Interactive videos are growing, the age of the emoji is upon us and VR’s catching on.
If you missed the kick-off of the Dubai Lynx 2016 edition, fret not. From sessions on the inspiration stage, walk-about installations to the latest trends in tech and advertising, here we highlight everything you need to know – what we like to call a ‘window’ into one of the most refreshingly creative festivals in the UAE.
Starting with the booths, we need to give a shout-out to ‘The Collective’ for the free caffeine boosts they’re blessedly providing the ad-crowd with.
Look out for the life of the party – the charming #PHDrobot, Titan, who speak Arabic, flirts, dances, generously gives you the Wifi password and sings you a ballad while you take a selfie. We dare you not to smile at his sly comments.
Speaking of sly, speakers on Day 1 came with their arsenal full of insight from numerous fields – Digital, design, research and copywriting.
Like a sponge, we soaked in every word at these five Dubai Lynx 2016 Day 1 sessions:
1. Twitter as a Creative Canvas
“Prepare to be spontaneous,”
Hoffman, the Senior Director of Global Brand Strategy at Twitter took the stage to showcase the importance of letting your customers shape your brand story and how user feedback from Twitter allows successful data-driven storytelling.
He expressed, through several examples, that by using original content creators [like calligraphy artists], or even collaborations with YouTube and Vine influencers in conjunction with Twitter polling cards for user feedback, your brand story and messages are more likely to resonate with the audience.
Look up: #BendTheRules campaign.
2. Creative Success in the Mobile Age
“People are becoming really good at tuning out irrelevant generic nonsense,”
Ema Linaker, Edelman
On the Innovation stage, audience nodded their heads at Linaker as she took us through the most significant campaigns of the past [VW Think Small, I’d like to buy the world a coke, and Red Bull’s Felix Baumgatner] and explained how accelerated technological growth and mounds and mounds of data are at our disposal, yet remain unused by creatives in the ideation process.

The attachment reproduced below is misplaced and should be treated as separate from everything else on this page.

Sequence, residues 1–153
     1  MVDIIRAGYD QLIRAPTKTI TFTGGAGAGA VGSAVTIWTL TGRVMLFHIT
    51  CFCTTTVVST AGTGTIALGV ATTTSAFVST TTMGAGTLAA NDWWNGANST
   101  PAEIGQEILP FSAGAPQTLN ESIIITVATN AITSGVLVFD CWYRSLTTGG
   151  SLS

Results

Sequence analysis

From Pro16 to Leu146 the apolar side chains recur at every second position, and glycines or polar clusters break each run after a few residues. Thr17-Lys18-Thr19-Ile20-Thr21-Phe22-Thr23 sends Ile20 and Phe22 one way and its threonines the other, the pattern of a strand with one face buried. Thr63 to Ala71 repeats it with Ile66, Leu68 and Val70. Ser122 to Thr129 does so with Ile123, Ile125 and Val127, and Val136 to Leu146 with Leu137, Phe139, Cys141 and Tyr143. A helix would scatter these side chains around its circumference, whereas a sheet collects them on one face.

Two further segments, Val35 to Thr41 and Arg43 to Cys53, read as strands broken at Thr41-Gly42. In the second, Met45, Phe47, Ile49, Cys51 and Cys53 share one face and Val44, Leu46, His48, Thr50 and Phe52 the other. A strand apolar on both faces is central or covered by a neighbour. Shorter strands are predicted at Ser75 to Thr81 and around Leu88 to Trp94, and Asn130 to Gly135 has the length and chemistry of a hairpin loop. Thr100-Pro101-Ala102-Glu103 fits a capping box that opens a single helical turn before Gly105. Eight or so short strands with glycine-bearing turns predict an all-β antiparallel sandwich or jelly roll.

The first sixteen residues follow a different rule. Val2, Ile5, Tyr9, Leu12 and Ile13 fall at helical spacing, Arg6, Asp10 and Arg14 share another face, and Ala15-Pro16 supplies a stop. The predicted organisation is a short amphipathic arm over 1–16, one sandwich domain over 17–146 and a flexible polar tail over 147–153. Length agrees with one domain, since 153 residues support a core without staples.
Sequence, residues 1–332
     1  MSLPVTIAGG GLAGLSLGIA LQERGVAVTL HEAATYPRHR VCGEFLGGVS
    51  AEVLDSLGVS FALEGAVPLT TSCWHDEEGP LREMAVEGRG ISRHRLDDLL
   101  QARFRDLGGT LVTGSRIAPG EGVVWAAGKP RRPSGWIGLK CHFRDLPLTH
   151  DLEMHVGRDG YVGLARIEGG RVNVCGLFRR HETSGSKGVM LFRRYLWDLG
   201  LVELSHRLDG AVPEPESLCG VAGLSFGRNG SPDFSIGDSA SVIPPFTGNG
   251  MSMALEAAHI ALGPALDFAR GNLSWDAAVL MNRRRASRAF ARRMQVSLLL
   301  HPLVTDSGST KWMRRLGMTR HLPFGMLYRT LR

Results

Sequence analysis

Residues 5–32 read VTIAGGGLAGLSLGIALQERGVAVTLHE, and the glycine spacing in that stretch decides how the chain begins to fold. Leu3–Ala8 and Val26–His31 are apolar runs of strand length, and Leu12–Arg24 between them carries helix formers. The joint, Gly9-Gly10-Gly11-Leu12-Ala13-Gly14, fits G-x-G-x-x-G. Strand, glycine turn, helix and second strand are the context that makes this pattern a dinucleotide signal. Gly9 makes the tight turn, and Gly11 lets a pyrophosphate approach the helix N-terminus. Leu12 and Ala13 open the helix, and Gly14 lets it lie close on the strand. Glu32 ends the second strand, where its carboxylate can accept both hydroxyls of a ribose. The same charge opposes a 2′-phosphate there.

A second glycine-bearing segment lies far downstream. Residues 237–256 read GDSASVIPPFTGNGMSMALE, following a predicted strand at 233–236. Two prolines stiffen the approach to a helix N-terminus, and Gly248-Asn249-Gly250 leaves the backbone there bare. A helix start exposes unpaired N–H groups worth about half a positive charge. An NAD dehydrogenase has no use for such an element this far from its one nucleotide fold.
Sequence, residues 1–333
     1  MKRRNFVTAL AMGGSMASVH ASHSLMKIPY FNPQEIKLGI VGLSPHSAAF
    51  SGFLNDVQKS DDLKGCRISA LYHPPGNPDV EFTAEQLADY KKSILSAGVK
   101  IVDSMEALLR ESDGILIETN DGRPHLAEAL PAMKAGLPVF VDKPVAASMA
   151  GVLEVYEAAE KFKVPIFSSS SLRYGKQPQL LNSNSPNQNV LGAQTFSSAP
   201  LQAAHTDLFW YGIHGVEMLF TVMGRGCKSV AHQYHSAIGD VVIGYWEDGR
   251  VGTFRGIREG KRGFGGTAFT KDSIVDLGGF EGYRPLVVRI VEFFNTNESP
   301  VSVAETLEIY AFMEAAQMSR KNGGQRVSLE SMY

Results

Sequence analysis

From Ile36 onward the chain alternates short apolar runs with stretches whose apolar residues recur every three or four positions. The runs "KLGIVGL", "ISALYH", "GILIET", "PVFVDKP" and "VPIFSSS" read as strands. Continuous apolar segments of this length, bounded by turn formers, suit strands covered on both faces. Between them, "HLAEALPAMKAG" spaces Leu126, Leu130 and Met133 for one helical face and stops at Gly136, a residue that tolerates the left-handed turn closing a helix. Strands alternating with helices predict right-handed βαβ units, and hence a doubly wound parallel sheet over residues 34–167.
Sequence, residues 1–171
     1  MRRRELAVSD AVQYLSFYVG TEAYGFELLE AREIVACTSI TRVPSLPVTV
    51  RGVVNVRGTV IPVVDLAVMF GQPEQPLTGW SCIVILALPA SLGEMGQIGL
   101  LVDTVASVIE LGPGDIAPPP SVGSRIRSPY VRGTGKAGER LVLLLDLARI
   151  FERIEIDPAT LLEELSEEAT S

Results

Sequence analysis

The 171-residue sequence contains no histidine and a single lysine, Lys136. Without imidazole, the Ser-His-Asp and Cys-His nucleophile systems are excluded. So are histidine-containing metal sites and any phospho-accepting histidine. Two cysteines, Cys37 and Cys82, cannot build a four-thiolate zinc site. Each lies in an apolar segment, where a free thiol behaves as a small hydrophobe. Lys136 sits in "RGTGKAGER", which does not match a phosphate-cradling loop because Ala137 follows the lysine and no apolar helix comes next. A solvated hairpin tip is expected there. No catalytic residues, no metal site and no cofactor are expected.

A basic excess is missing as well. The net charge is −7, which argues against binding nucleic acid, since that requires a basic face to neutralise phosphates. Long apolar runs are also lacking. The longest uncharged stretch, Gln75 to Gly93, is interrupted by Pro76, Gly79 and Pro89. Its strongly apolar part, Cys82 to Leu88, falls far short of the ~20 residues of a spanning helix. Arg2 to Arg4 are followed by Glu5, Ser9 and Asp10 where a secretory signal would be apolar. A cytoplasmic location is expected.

In search of a ‘Spielberg moment’, where something revolutionary happens to transform the message and platform, she urged that barriers need to be broken; data and creative need to sit at the same table to combine smart data analysis with ideation to carefully cater to users who have become immune to ‘digital vomit.’
Look up: Nike+ active users bespoke videos
3. Jumeirah Inside: Harnessing the Power of Consumer Curiosity
“Technology has been useful, but it has also been overwhelming,”
Ali J. Hashmi
Head of Emerging Travel, Hashmi, and Ross McAuley of Jumeirah Group, gave us a sneak peek at the ideation process behind the 360 degree virtual reality experience of Jumeirah hotels that got unprecedented user interaction in the digital sphere.
From their initial research, with MediaMonks, they moved beyond images, videos on YouTube to VR experience – an immersive journey through the luxury of the Burj Al Arab.
Look up: Google Cardboard
4. Humanizing Content
“Don’t use the CTR to measure how a piece of content works – a high CTR means that your headline worked.”
Saad from Digital Media Services made the crowd a little less guilty for indulging in clickbait posts on social media. Breaking down how the brain stores memories, Saad showed how authentic content can blur the line between our own experiences and stories we’re told – this means there’s room for real connection with the audience.
He shed light on what stimulates curiosity [inadequacy of information, need to feel competent, and urgency to solve problems] and how curiosity and false promises can damage your brand equity [because you can’t always pass by the original bull**** sensor – the human brain- unnoticed].
Focus on authentic, valuable, quality content instead, not empty headlines.
Look up: Your Facebook timeline
5. ‘Stop Writing Radio Commercials’ and Other Great Advice
“While peoples’ minds are always occupied, their hearts are open. Aim for the heart.”
Funny, concise and wise, Maes , along with writers from Y&R NY and TBWA, gave the audience great advice for copywriting: Underwrite, over-prepare, kill the voice over, use a s recognizable and repeatable structure and try crap.
On a medium with no room for fluff, Maes presented a strong argument for why emotional strategies win over rational campaigns – ‘Aim for the heart,’ he says.
FYI: If you want to win a radio award, let the music kick in after 3 seconds of the ad [According to Maes, it’s one of the magic components].
Look up: Mercedes Benz Used Car Radio Commercial